I Am Woman: Martha Chaves chats about the supportive culture of female comedians

Revelstoke Performing Arts Centre celebrates International Women’s Day with an evening of laughs

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Comedian Martha Chaves will perform in Revelstoke on Mar. 10 at the I Am Woman, Hear Me Laff show at RPAC. Photo: handout

Get ready for an evening of side-splitting laughter as some of today’s funniest female comedians take to the stage right here in Revelstoke in celebration of International Women’s Day. I Am Woman, Hear Me Laff features the very funny comedy of Martha Chaves, Melanie Rose, Allison Ogilvie and emcee Christina Lippa.

The Mountaineer had a chance to chat with the show’s headlining comedian Martha Chaves about what it’s like to be a woman in the business of comedy. Chaves is a regular at Just for Laughs, and has been featured on many CBC shows, including The Debaters and Laugh Out Loud.

Mountaineer: I am Woman, Hear Me Laff features an all-female lineup. Is there a different camaraderie that happens both on and off-stage with an all female line up as opposed to one that includes male comics?

Martha: I love doing women’s shows — it’s a different vibe. It seems to me that it’s more supportive (than shows with men). Comedy is very individual — every person is for themselves. Every show is different in that sense, every act is different. With women, there is a culture of support. I’ve been doing this for 25 years and with women, it’s a lot more fun I find.

M: You’re originally from Nicaragua. What are the biggest differences when it comes to Canadians and Nicaraguans sense of humour?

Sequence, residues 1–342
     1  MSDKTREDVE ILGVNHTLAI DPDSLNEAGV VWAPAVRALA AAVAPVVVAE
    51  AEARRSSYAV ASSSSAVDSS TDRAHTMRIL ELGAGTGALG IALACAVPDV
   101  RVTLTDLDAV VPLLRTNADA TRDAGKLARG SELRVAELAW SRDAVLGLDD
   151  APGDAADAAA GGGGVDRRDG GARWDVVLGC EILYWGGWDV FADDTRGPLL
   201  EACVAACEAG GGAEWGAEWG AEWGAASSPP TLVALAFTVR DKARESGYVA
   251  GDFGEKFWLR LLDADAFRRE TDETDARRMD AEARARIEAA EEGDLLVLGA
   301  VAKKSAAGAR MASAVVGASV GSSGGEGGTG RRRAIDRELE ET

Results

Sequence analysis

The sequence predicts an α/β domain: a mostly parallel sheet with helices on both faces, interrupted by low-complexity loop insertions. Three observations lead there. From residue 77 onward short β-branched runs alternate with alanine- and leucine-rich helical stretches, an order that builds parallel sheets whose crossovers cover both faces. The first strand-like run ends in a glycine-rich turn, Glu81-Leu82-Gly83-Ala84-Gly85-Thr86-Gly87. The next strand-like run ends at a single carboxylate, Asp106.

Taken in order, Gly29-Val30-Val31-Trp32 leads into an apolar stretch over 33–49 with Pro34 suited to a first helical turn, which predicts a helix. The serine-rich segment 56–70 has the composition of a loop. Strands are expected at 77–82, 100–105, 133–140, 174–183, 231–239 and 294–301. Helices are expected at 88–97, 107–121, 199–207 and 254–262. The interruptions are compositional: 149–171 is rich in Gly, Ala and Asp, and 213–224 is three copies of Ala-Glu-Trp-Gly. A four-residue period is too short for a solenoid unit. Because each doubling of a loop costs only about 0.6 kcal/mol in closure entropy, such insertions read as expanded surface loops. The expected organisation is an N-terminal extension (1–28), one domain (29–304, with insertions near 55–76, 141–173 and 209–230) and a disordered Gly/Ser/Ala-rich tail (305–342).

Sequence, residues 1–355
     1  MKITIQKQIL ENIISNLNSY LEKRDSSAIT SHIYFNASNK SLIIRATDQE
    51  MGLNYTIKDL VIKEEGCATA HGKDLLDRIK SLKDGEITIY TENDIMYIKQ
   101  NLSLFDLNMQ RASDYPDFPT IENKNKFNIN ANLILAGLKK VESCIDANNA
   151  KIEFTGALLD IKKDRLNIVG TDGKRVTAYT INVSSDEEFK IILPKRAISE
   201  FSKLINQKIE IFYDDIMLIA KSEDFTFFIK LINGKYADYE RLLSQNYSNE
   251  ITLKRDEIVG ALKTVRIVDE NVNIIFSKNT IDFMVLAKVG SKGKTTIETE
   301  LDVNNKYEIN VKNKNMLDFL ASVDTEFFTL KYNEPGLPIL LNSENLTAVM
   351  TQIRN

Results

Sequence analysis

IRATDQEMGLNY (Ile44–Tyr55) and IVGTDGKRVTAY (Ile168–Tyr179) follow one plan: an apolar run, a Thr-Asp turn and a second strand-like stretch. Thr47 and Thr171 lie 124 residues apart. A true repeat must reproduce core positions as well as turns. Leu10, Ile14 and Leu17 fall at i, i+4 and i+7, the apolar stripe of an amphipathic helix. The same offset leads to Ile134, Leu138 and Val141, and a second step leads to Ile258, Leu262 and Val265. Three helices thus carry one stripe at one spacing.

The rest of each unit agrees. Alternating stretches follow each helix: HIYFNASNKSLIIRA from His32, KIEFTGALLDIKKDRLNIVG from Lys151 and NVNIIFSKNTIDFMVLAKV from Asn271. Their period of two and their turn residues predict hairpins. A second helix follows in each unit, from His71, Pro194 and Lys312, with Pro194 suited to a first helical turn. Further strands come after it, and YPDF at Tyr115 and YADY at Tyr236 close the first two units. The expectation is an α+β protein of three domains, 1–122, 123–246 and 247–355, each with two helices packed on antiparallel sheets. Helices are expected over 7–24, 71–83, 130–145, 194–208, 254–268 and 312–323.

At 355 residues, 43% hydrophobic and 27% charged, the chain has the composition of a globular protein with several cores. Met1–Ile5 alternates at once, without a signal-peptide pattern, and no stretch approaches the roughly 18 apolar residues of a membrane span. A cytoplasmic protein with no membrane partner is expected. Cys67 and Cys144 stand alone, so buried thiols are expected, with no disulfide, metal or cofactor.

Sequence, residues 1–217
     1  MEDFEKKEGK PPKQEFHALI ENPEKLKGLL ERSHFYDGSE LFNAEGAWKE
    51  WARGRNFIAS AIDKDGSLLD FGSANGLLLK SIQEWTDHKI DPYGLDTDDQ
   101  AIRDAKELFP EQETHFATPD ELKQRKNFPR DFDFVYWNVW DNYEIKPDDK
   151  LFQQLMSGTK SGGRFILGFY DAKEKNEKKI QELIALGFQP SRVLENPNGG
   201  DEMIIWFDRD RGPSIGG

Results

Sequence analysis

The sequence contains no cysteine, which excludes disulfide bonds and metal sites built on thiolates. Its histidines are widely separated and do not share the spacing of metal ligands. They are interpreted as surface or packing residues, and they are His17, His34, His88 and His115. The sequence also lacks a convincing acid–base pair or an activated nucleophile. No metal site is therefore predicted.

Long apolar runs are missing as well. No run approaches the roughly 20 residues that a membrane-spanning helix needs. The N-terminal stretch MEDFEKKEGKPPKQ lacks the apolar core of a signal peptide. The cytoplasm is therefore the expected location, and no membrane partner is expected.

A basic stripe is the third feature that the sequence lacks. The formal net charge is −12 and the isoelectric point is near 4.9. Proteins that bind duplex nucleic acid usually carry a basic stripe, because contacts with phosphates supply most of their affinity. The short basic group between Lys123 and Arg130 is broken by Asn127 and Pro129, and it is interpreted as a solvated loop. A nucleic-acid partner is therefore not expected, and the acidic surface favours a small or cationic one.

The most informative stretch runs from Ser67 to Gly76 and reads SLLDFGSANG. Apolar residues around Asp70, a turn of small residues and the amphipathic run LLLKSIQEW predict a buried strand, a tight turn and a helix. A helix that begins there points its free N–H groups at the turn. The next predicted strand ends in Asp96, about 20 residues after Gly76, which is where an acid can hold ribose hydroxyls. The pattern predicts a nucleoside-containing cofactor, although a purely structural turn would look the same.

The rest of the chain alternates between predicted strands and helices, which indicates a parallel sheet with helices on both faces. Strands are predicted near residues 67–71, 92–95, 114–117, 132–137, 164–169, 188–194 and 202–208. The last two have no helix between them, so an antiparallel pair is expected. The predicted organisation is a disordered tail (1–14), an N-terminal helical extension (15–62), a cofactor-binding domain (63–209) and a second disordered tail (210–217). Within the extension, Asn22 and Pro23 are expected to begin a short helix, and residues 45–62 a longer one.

MC: I lived [in Nicaragua] until I was 17 and that was a long time ago. I’ve always been a fish out of water. I think the mission of anybody who does humour is to translate yourself to your audience. Humour is humour. Humour is communication, communicating yourself to your audience. I do have a very Canadian slant in my humour.

M: What are the unwritten rules of women in comedy?

MC: When I began people believed women are not funny. People at the end of a show would say things like, ‘We don’t like women comics, but we liked you,’ or, ‘We don’t like Hispanics but we liked you,’ or ‘We don’t like gays but we liked you,’ and people think it’s a compliment. The unwritten rules are women have to work harder than the guys to be considered funny. As late as last month someone saw it was a woman headlining a show and said to me, “Shit, this is going to suck.” We have to prove ourselves double to be considered half as good.

What’s the funniest thing an audience member has said during a show?

‘We don’t find women funny but we find you funny.’ After I killed it in a show some people come ask for an autograph. They said, ‘Maria, can we have your autograph.’ Because I’m Spanish they thought my name was Maria. It was funny to see their embarrassment when I told them my name is not Maria. It’s been hard in many cases. Sometimes there will be an emcee who introduces me and says, ‘Oh, nobody understands one word she said,’ but I have ignored it. But I have been happy in my career. I’m not famous, I’m not rich, but I have done what I love for 25 years and counting.

What are some fun ways to answer questions you probably get asked a lot like, ‘What’s it like to be a female comedian?’

I never answer with jokes. I’m very serious about comedy. To me, it’s a logical question to ask because women comics are more humorous now. It’s a fair question, so I try to answer in a fair way.

There’s a misconception that women [in comedy] all sound the same. I’ve worked with all of these ladies. We all have different voices.

I Am Woman, Hear Me Laff takes place at the Revelstoke Performing Arts Centre on Sunday, March 10 at 7:30 p.m. Tickets are $25, available at the Revelstoke Visitor Information Centre or online at revelstoketheatretickets.com.

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